Today’s blog was written by Dr. Tina L. Ligon, Supervisory Archivist in Augmented Processing at the National Archives in College Park, Maryland
On the night of June 17, 1972, security guard Frank Wills was making his usual rounds when he noticed a piece of duct tape covering the lock of the back parking lot door to the Watergate Office Building in Washington, D.C. As noted in the Security Officer’s Log (NAID 304970), he removed the tape, only to return thirty minutes later to find that another piece of tape had reappeared. Wills quickly contacted authorities about his strange observation. The local police arrived at the building and searched each office suite. The police, along with Wills, found five men hiding in the Democratic National Committee (DNC) Headquarters office. These men were identified as Bernard L. Barker, Virgilio Gonzalez, Eugenio Martinez, James W. McCord Jr., and Frank Sturgis. All of these men had connections to Richard M. Nixon’s reelection campaign.
Wills was born on February 4, 1948, in Savannah, Georgia, and was raised by his mother Marjorie Wills. He dropped out of high school in the eleventh grade and joined the federally funded Job Corps program in Battle Creek, Michigan. After completing the vocational training, Wills found employment as an assembly line operator at the Ford Motor Company and then later at Chrysler Motors. Due to severe respiratory health issues, Wills was unable to continue working in these types of factory conditions. He moved around to various southern cities working a series of low-paying jobs before finding employment as a security guard in Washington, D.C.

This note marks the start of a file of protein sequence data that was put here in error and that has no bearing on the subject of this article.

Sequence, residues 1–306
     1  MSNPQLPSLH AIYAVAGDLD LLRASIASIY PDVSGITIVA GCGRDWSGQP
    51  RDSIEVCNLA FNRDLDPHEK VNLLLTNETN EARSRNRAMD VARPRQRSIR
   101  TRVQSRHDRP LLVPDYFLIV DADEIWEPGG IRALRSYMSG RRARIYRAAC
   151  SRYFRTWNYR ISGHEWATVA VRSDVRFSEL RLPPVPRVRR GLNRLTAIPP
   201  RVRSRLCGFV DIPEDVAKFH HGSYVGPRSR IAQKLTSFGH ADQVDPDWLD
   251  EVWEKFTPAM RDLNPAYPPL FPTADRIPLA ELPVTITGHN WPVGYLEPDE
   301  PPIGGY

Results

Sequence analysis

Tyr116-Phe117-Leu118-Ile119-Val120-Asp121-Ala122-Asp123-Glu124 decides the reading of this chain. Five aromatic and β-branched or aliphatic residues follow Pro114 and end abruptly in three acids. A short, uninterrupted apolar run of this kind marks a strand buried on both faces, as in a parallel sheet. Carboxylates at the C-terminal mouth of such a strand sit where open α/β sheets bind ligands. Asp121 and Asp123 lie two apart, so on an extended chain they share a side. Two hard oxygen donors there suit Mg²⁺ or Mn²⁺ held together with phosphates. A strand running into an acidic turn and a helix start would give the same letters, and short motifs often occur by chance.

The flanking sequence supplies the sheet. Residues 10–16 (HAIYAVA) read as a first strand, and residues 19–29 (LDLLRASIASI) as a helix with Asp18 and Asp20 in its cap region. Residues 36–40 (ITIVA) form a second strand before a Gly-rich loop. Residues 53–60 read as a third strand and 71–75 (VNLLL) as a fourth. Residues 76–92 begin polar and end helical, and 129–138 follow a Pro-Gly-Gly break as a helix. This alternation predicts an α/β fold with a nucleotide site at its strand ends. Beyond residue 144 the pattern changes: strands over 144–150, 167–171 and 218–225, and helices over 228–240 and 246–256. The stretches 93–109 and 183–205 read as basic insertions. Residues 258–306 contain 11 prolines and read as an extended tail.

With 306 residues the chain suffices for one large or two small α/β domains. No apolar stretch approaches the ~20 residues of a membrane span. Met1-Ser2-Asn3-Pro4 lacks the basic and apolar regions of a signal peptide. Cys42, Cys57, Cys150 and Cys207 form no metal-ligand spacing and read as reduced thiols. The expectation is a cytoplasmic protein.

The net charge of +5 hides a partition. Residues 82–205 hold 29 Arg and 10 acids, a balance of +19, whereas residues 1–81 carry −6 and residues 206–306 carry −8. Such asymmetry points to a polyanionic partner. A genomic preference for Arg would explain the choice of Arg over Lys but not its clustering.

His discovery at the Watergate Office Building led to one of the largest political scandals in the history of the United States. The arrest and eventual conviction or guilty pleas of the five men uncovered a series of wiretaps, slush funds, political sabotage, unjustified firings, and even kidnapping, all in an attempt to re-elect the president. Nixon claimed that he had nothing to do with the break-in at the DNC and was able to win re-election by a landslide in November 1972. It was not until the “Smoking Gun” audio tape was released to the public on August 5, 1974, that revealed a conversation between Nixon and White House Chief of Staff H. R. Haldeman discussing how to prevent the Federal Bureau of Investigation (FBI) from continuing their investigation into the Watergate break-in. Wills’ discovery on that night in June 1972 ultimately led to the resignation of President Nixon on August 9, 1974.
Shortly after the Watergate scandal was made public, Wills left his job as a security guard. He only received a $2.50 a week raise, but was denied a promotion that he felt he was entitled to for his discovery. Wills barely made a living conducting interviews around the country about his role in the political scandal. He did receive some notoriety playing himself in the Oscar award winning film adaptation of journalists Bob Woodward and Carl Bernstein’s All the President’s Men in 1976 and working with comedian Dick Gregory to promote his Bahamian Diet. Unfortunately after the fanfare died down, Wills struggled for the remainder of his life. He worked a series of random odd jobs, cared for his mother who suffered a stroke, and was arrested for several minor offenses that mostly consisted of shoplifting. In an interview prior to his death, Wills told a reporter “I never received anything for my role in the infamous Watergate Scandal. I have lost faith completely in our current political system.” Frank Wills died on September 27, 2000, in Augusta, Georgia at the age of 52.